Rover electric scooter prepares to tackle road or dirt
Kick scooters like those from Razor can make first/last mile journeys a bit more fun, but they can also be hard work. If you've got a bit of time on your hands, and some technical know-how, you could funk it up a bit with an electric drive and chunky tires for both street and off-road action. For those who prefer to buy an e-scooter that's ready to roll without needing to hit the toolbox, news from Portland may well ignite a spark of interest. Having set out on a quest to build the world's greatest compact electric vehicle, the folks at Works Electric say they've succeeded with the Rover.
The Rover electric scooter has a reported fuel economy equivalent of 606 MPGe, and is claimed to offer the highest power to weight ratio of any vehicle in its class. It benefits from aluminum construction and is hand-built in Portland, Oregon (with many components sourced locally). The e-scooter is 50 inches (127 cm) long and 15.25 inches (38.8 cm) wide at the deck, and stands 46-inches (116.8 cm) high in riding mode, but collapses down to 21 inches (53 cm) for between ride transport.
"The folding mechanism is very special," says Brad Baker from Works Electric. "It incorporates a sleeve locking mechanism that makes folding and unfolding the front end extremely easy. To fold the front end you pull the outer sleeve of the mechanism towards you and depress the button, once the sleeve passes over the button, the mechanism disengages and the front end can be folded. To unfold the front-end you simply lift the front end back into the upright position and the outer sleeve automatically pops back into the locked position once it hits the correct spot. The whole process takes all of about 5 seconds to do."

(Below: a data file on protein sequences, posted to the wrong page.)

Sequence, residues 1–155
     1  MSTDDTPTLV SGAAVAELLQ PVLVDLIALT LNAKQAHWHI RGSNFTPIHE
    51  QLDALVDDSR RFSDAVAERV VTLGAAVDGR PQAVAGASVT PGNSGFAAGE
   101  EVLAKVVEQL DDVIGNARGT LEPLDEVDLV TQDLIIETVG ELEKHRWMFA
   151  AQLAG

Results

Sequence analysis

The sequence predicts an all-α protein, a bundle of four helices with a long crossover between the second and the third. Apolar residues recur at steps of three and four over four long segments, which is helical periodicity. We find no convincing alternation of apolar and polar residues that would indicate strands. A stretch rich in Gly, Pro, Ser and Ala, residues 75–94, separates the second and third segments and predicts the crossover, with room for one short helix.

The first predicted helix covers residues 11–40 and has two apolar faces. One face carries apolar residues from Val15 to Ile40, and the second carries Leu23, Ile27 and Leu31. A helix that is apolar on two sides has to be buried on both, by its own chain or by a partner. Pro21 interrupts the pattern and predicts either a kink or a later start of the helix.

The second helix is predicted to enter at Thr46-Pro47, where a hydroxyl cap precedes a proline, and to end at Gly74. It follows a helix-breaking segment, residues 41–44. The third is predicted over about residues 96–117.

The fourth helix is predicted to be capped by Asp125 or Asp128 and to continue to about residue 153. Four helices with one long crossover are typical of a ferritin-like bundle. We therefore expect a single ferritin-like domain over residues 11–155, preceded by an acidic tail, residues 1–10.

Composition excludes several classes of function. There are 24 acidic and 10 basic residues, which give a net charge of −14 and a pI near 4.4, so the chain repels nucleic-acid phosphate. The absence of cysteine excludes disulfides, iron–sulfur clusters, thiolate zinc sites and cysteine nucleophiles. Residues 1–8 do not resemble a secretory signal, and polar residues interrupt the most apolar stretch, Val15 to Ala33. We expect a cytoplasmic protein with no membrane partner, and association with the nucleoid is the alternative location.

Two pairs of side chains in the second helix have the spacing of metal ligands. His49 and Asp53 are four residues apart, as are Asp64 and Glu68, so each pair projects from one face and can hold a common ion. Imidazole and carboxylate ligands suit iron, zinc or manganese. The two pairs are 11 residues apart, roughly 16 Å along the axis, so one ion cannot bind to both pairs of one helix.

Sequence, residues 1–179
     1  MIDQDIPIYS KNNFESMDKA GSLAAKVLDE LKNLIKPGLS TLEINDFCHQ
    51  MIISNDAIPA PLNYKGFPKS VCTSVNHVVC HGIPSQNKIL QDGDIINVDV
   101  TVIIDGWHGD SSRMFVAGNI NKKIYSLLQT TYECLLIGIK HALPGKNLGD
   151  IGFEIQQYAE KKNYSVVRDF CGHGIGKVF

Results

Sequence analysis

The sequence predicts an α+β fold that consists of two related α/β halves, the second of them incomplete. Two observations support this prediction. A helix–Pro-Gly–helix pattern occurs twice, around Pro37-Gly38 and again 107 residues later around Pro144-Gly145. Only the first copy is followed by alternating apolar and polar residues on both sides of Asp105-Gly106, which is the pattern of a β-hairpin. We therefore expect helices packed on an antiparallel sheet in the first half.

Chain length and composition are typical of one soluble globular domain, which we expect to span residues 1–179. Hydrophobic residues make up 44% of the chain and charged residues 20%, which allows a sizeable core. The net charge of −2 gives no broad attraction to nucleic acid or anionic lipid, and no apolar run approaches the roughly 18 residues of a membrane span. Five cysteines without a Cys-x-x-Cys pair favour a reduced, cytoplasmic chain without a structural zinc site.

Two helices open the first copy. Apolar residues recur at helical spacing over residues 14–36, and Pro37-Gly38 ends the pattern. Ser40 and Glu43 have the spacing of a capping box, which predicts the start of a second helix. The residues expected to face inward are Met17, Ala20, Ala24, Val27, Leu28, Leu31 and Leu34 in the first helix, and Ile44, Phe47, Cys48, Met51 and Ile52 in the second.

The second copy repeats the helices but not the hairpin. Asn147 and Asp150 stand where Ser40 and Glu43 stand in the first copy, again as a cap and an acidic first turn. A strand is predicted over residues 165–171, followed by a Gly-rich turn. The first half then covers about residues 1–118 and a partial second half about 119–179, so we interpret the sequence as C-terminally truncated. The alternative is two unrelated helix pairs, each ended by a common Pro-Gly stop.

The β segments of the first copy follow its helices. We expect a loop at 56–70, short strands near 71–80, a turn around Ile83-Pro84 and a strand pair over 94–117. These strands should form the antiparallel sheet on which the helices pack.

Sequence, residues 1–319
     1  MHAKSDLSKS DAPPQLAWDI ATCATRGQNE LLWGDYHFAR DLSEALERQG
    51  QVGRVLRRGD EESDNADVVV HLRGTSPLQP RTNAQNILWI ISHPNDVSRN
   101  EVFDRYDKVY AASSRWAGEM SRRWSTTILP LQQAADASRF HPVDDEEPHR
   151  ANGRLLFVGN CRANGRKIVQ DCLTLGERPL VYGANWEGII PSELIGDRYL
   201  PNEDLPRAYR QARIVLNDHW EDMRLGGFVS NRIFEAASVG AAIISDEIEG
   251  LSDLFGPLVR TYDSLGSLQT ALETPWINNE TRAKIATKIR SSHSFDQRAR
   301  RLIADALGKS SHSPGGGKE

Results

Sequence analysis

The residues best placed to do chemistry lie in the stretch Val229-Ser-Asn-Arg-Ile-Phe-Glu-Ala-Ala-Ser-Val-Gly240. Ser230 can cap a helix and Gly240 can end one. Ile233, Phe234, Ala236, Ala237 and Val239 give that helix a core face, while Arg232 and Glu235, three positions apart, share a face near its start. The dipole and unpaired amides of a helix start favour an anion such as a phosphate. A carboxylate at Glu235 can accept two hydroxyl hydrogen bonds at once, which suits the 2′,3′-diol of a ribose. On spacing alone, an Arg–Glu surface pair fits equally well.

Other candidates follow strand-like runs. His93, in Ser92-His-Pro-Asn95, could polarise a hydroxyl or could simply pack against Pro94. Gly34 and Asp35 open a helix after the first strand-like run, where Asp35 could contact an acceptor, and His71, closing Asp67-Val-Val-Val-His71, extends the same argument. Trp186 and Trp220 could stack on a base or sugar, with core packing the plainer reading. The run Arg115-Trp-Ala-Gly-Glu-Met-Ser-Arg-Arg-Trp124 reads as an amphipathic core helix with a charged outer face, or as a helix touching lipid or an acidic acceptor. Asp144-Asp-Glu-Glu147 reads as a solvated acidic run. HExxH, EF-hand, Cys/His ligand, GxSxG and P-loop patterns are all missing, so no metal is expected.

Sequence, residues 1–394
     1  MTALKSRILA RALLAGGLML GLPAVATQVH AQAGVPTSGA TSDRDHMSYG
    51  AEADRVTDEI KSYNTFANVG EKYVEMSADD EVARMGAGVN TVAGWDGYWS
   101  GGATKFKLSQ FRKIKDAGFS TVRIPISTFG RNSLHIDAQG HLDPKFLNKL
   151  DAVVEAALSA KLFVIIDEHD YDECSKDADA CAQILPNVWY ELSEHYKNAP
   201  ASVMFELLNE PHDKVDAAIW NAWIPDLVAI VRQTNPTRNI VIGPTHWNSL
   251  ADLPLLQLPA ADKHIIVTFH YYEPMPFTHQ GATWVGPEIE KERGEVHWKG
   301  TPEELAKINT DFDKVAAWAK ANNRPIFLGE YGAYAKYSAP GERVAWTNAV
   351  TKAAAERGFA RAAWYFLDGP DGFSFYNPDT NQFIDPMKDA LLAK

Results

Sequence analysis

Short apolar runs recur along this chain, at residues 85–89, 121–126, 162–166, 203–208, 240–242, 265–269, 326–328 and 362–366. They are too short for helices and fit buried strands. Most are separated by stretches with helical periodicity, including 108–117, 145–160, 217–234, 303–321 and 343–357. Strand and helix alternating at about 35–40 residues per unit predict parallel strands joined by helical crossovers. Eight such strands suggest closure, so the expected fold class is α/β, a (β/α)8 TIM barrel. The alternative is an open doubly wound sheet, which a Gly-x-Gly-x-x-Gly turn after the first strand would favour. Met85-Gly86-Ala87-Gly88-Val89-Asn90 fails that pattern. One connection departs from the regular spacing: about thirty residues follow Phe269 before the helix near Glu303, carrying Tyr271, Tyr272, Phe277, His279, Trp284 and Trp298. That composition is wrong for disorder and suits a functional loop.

There are actually two models in the offing, both having a 3-phase brushless DC motor and 120 amp controller, with an Omega HP belt driving the rear wheel. The Rover features Avid disc braking at the front and a foot brake at the back. There are three travel modes, steady glow LED lights point forward and backward, and 6-inch wide, 13-inch diameter chunky tires make it good for both road and dirt.
The handlebar sports a smartphone cradle that can also charge the docked device via USB, and there is a Rover-specific app in development that will display performance information relating to the scooter. Baker told us that customers will be directed to favored speedo apps in the meantime. If standing's not your thing, a custom-made seat can be fitted to the rear of the deck.
The standard model tips the scales at 84 lb (38 kg) and packs a 36 V, 770 Wh Works HE36-20 Li-ion battery pack that should power the motor for up to 18 miles (29 km) between charges, with regenerative braking helping a little. Charge time is 3.5 hours using a portable outboard charger. Works Electric reports that the battery should be good for "well over 10 years if cared for properly, but if you want to change it out it's pretty darn easy, and can be done by the owner." This version has a top speed of 28 mph (45 km/h).
The BR version has been treated to a 36 V, 1,540 Wh Works HE36-40 Li-ion battery pack for a range of up to 36 miles (58 km) and a top speed to 33 mph (53 km/h). As you might expect, charge time is double that of the standard model and the it's slightly heavier at 96 lb (43.5 kg).
The standard model in black or white is priced at US$4,970, while the BR comes in at $5,920. If you want a different color, that will cost you at least $200 extra.
As a thank you for your belief in the company, the first ten buyers will also get a small share in Works Electric, unlimited technical support for 12 months and a say in the design of new products. Shipping of the first models will start in September. Beyond that, a new small-scale production run will commence every two to three months.
Source: Works Electric